Funding to improve water infrastructure, including wells & sewers
The U.S. Environmental Protection Agency has awarded more than $8.7 million to Guam for wastewater and drinking water infrastructure improvement.
“This funding will help Guam provide cleaner water for local communities, while protecting the island’s coastal waters,” said EPA Administrator Scott Pruitt. “We continue to support Guam Waterworks Authority’s commitment to ensure safe drinking water and sanitation for the residents of Guam.”
Since 2010, EPA has awarded more than $75 million in Clean Water and Safe Drinking Water State Revolving Funds (SRF) to Guam Waterworks Authority. These awards support residential and commercial utility services by funding the design and construction of water and wastewater infrastructure. Recent projects include design of wastewater collection system upgrades along Route 1 in Asan, Route 2 along the War in the Pacific National Park, Route 4 in Agana and the Agat/Santa Rita area, and upgrades of five drinking water wells in northern Guam.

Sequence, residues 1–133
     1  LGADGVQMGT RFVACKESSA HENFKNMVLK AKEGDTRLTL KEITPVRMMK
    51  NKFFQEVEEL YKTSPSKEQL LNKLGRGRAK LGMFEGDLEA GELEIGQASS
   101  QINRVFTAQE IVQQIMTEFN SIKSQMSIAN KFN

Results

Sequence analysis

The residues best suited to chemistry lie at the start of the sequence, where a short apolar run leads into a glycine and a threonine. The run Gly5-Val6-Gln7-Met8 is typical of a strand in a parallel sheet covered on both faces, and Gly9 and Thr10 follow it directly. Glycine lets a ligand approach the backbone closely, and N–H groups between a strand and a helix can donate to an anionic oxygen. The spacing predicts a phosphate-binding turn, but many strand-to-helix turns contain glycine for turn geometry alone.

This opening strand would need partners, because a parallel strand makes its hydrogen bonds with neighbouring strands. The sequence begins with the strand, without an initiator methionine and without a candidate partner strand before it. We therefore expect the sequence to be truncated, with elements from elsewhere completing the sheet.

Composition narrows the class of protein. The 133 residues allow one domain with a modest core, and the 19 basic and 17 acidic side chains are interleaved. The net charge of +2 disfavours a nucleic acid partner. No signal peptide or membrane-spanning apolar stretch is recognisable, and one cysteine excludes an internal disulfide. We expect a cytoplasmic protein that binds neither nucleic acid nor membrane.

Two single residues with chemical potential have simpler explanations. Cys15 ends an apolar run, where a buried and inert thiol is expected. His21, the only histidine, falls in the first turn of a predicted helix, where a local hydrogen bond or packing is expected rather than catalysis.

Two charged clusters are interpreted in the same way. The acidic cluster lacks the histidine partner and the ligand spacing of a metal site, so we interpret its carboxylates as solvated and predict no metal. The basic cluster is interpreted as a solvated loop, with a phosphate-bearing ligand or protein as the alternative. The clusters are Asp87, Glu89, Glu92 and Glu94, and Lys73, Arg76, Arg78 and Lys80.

"The award of $8.7 million in SRF Funding as well as past years SRF Funding is not only needed but appreciated by the CCU, GWA and the Ratepayers of Guam,” said Joey Duenas, chairman of the Guam Consolidated Commission on Utilities (CCU). “US EPA, the CCU, GWA and the ratepayers of Guam have built a continuing partnership in the shared desire to protect our environment."
This year’s funding will focus on reducing sanitary sewer overflows with projects to rehabilitate sewer pump stations and associated sewer conveyances, including construction of the collection system projects on Routes 1, 2 and 4.
The award will also support upgrades of five drinking water wells in central Guam. Rehabilitation and reconnection of these wells will enhance drinking water supplies and reduce the frequency of low-pressure events and water outages.
The EPA’s Pacific Southwest (Region 9) administers and enforces federal environmental laws in Arizona, California, Hawaii, Nevada, the Pacific Islands and 148 tribal nations, and is home to more than 50 million people.